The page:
4-33-3-23; IC 4-33-4; IC
Affected: IC 4-21.5-3; IC 4-33; IC 4-35
burden of proof is at all times on the commission. The commission has the
affirmative responsibility of establishing by a preponderance of the evidence
(1) respondent has committed a
noncriminal violation of IC 4-33, IC 4-35, or this title; and
(2) proposed penalty is
respondent has the:
(1) burden of proof to
prove the allegations contained in any affirmative defense contained in the
responsibility of establishing the elements of an affirmative defense by a
preponderance of the evidence.
(c) Any testimony must be given under oath or
affirmation. The administrative law judge and recorder are authorized to
(d) Both parties
may present an opening statement on the merits. The commission proceeds first,
followed by the respondent. The respondent may not reserve opening statement
for a later time. The administrative law judge may determine the length of
commission must then present the commission's case-in-chief.
Upon conclusion of the commission's
case-in-chief, the respondent may move for a directed finding. The
administrative law judge may:
arguments on the motion; or
grant, deny, or reserve any decision thereon, with or without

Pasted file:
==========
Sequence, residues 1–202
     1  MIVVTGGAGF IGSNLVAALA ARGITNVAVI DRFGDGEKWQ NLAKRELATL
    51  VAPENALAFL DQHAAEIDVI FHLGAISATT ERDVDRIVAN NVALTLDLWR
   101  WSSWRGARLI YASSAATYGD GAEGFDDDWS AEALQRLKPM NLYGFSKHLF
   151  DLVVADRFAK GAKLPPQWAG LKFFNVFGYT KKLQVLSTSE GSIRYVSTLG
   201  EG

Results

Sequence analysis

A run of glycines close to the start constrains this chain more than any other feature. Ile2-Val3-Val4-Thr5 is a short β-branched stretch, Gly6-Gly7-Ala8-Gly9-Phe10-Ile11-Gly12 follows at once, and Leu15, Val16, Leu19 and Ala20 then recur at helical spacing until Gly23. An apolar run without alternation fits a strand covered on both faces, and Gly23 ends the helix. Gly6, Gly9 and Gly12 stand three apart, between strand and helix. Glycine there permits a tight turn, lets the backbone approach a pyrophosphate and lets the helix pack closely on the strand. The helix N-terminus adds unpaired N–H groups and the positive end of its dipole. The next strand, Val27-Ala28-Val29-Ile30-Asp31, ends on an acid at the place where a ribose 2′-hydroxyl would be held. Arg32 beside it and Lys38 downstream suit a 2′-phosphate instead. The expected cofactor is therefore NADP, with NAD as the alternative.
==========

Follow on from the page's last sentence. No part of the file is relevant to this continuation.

(1) no motion for directed finding is made;
(2) such motion is denied or
decision reserved thereon; the respondent may present its case.
(h) Each party may conduct
cross-examination of adverse witnesses.
(i) Upon conclusion of the respondent's case,
the commission may present evidence in rebuttal.
The administrative law judge may:
(1) ask questions of the witnesses;
(2) request or allow additional
evidence at any time, including additional rebuttal evidence.
(k) Both parties may present
closing argument. The commission proceeds first, then the respondent, and,
thereafter, the commission may present rebuttal argument. The administrative
law judge may determine the length of closing arguments.
The administrative law judge may require
or allow the parties to submit posthearing briefs, or proposed findings of fact
and conclusions of law, or both, within:
ten (10) days of the conclusion of the hearing; or
(2) such other time period the administrative
law judge might order.